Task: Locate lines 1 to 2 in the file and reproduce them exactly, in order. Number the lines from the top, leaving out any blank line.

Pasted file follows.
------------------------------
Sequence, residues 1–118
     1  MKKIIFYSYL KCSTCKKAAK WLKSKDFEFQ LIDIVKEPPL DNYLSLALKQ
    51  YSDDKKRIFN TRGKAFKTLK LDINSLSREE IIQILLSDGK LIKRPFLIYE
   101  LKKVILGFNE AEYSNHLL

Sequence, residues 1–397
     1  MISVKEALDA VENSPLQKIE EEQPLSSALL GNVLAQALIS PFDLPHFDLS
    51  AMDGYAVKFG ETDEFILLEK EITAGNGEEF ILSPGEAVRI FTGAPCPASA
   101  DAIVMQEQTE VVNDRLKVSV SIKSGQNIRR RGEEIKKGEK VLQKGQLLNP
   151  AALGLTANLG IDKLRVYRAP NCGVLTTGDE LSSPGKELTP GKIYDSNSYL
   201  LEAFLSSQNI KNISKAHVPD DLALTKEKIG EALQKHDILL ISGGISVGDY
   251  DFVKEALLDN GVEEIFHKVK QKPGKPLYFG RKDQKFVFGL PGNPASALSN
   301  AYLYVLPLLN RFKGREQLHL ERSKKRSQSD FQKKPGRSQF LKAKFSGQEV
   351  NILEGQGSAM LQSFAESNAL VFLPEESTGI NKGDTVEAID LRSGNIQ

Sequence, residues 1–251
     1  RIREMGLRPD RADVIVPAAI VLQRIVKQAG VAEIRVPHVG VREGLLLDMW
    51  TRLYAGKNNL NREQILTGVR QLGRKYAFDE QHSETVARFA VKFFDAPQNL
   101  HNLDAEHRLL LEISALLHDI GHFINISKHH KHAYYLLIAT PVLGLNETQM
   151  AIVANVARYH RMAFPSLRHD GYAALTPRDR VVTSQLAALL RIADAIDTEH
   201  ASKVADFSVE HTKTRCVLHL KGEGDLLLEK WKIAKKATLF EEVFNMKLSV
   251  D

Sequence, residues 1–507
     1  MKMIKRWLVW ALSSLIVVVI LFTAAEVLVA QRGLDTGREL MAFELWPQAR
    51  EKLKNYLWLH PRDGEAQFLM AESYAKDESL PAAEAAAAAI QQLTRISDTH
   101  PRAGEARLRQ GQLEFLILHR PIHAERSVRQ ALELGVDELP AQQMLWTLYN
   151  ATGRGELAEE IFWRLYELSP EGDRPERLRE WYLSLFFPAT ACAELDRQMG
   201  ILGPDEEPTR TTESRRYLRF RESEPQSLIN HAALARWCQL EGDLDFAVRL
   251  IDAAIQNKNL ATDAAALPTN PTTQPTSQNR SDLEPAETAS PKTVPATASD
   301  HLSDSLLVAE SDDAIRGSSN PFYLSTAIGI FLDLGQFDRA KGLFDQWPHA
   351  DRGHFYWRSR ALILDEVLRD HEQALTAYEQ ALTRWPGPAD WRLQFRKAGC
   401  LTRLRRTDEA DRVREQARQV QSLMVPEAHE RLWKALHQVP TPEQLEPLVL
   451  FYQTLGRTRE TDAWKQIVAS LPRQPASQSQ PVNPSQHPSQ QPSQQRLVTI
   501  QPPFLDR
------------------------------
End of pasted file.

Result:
Sequence, residues 1–118
     1  MKKIIFYSYL KCSTCKKAAK WLKSKDFEFQ LIDIVKEPPL DNYLSLALKQ